Medical University of South Carolina to launch next phase of kids Moderna trial
CHARLESTON, S.C. (WCSC) - With a majority of kids returning to face-to-face learning for the new school year, many are wondering when a COVID vaccine will be approved for kids younger than 12.
According to doctors at the Medical University of South Carolina, the Delta variant now accounts for more than 92% of all cases there. As of Thursday, MUSC said 8 children were in the hospital who tested positive for COVID-19, all of whom were unvaccinated.
MUSC is one of about 100 pediatric-centered sites across the world chosen to help with the Moderna pediatric trial. The trial targets children between the ages of six months and 12 years. In total, about 6,500 kids will be enrolled in the trial across all sites.
MUSC Doctor Allison Eckard specializes in pediatric infectious disease and said 15 children participated in Part 1 of MUSC’s trial to find the appropriate dosing for those under 12. Those children were between two and six years old.
“It does look like, moving forward, that children will be vaccinated with half of the dose that is currently recommended for adults,” Eckard said. “We’ll see if that’s effective. But it seems, in the early preliminary data, that is the right dose for children.”
Doctors are now getting ready for the next phase which is vaccinating 105 children through the trial. The trial for children ages 6 to 12 will start this week and those younger than six are expected to be vaccinated in September.
“There’s no reason to think that the vaccine won’t work in the younger kids,” Eckard said. “But we are always much more careful sometimes in children to make sure that we keep them as safe as possible. But the data looks good.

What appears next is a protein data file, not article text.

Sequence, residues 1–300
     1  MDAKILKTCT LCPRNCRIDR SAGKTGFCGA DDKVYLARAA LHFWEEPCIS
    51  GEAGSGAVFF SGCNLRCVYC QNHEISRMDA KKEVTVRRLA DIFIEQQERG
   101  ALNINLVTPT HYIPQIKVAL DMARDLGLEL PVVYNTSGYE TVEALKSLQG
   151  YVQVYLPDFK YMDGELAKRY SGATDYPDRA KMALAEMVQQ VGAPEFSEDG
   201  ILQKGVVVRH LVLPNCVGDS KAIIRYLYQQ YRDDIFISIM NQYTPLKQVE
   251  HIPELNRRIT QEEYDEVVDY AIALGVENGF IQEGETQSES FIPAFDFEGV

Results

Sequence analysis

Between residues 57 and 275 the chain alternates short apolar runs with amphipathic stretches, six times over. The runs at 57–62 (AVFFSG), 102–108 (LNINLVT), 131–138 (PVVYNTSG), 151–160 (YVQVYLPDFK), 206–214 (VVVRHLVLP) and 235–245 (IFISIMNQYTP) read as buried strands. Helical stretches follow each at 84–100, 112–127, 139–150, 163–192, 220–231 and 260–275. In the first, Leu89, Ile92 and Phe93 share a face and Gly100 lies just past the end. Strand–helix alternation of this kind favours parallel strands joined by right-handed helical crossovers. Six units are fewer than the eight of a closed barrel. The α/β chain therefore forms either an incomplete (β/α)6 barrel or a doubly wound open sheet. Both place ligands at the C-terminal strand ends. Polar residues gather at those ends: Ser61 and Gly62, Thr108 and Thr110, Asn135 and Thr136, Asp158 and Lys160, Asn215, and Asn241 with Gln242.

Eckard said 75% of participants will receive the active vaccine and 25% will receive a placebo. Those children will be followed over the next few months to see how many are protected and how many end up with COVID.
“We have early prelim data that suggests that it is highly effective even in the younger kids, and very safe,” Eckard said.
Eckard said the gender, in this next group, was split evenly between male and female. She said it is also a very diverse group with distribution of race and ethnicity representative of the breakdown of race and ethnicity across the Charleston community.
“We worked really hard to make sure that those 105 had a very diverse racial and ethnic makeup, so that we can really see if it’s safe and effective in all children,” Eckard said.
Eckard said the second part is expected to last three weeks for the first vaccine dose in all participants. She also said both Moderna and Pfizer have been asked by the FDA to increase their study enrollment numbers, so the expected approval for those younger than 12 has been pushed back until at least mid-winter.
Eckard said some side effects recorded in the kids that were involved in the first part of the trial include:
- 2 children had fevers without any other symptoms that resolved quickly with no problem;
- 2 children had sore arms that also resolved quickly
Eckard said she knows it’s a very contentious issue, but they feel strongly that masks are safe and effective. She added the vaccine is also safe and effective and those are the best things we can do to move forward and keep everybody safe.
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